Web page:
Green Hills Literary Lantern



Morning Sun Bath



I lie within my cell since night,

Still caught in deeply sleeping pose

While brightness of the sun's light

Approaches on its toes.


I sense what secret weavings do

And still cannot let myself awake

To the call of a life that is new

And blessed by sun for my sake.


I raise myself to see just how

My barred window to the side

Can shine so fully long and wide.

I try to be close to it now.


The loving morning rays

Caress the naked walls in bands

And stroke my tormented gaze

Like tender mother's hands.


My torso, head and back I hold

Into suns of shining light

And in their fountains full of gold

I drown in my delight.



Translator’s note: My grandfather composed this and many other poems in the mid-1930s while in prison under the Nazis.


Erik Bendix loves vitality and texture in words.  His poetry distills many decades spent digesting his family's Holocaust survival, living in the woods, exploring world dance, and finding joy in music.  A student of movement arts from Tai Chi to Rumi's dervish whirling, he listens for the cadences of movement in words, and for where those cadences draw life from the body.  He has translated all of Rilke's Duino Elegies and Sonnets to Orpheus into English, the latter into full sonnet form to capture the resonance and flow of the original.   His work has appeared in the Asheville Poetry Review, Monarch Review, Word Riot, and Forge Journal.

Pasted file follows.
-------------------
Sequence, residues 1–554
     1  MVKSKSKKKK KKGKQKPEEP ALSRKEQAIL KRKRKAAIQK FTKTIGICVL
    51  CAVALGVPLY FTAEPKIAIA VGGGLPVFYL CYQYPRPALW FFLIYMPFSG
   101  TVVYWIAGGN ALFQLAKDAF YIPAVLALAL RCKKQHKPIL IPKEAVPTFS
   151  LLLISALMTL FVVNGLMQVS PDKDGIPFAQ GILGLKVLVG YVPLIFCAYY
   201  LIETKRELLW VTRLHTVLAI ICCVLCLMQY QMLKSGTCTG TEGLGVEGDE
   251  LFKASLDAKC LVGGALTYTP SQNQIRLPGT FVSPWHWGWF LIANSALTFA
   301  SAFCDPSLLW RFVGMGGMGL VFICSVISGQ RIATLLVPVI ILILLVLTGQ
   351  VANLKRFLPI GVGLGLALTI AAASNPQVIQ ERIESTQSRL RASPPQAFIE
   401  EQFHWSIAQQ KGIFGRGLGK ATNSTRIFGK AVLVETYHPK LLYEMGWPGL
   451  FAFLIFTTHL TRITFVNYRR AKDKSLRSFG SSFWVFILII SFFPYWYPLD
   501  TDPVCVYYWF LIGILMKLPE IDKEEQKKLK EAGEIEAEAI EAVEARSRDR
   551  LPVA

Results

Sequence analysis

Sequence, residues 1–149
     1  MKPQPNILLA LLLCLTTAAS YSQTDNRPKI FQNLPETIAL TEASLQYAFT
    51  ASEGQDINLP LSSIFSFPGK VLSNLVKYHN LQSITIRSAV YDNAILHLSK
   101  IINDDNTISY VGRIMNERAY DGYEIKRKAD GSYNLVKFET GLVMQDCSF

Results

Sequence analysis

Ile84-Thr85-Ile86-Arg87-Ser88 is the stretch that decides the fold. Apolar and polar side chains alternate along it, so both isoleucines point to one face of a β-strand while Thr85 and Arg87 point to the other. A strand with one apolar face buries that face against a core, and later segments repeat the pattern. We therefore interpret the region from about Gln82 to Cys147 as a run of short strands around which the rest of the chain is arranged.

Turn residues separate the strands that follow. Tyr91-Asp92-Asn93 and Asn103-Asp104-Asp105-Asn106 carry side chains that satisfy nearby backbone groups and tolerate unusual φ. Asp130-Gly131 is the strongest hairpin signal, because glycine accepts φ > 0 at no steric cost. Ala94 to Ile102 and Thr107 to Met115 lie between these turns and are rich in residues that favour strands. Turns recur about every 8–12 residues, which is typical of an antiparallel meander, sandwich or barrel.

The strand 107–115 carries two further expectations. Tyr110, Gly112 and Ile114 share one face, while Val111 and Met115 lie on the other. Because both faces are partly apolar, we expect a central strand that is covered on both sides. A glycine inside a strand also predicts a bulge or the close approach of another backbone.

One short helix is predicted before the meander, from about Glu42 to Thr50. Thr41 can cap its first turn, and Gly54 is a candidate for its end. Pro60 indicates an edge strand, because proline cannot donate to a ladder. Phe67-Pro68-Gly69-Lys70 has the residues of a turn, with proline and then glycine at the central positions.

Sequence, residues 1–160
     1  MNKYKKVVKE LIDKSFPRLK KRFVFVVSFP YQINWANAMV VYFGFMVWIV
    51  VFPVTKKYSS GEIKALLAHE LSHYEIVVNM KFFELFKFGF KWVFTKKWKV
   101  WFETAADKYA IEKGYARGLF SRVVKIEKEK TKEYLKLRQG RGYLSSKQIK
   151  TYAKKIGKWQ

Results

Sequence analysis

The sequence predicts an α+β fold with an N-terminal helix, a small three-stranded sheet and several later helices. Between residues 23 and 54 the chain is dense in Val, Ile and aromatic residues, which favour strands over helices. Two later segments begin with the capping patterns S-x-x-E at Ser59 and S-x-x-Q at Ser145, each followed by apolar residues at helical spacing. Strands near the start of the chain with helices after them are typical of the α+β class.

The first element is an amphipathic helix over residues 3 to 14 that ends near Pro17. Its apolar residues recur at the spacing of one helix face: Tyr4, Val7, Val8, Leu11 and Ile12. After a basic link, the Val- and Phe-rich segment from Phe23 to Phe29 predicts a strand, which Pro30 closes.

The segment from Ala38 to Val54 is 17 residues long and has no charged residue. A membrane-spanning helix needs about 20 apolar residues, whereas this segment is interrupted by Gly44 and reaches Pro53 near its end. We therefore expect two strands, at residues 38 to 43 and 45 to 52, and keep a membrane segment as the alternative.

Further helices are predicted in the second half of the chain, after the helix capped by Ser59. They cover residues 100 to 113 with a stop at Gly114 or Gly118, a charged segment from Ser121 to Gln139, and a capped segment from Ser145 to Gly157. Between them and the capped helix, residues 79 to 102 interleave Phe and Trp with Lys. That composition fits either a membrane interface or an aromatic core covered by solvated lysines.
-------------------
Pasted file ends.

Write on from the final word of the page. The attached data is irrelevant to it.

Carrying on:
Ludwig Bendix (1877 - 1954) was a lawyer, labor court judge, and author of many books on democratic law in Germany during the Weimar Republic.  Arrested by the Nazi regime as soon as they were in power, he spent time in a series of their prisons, culminating in 18 months in the Lichtenburg and Dachau concentration camps from 1935 to 1937.  His 1000-page memoir of this experience remains unpublished.  He escaped from Germany in 1938, lived for 10 years in Palestine, and spent the last six years of his life in America.  He wrote poetry throughout his life.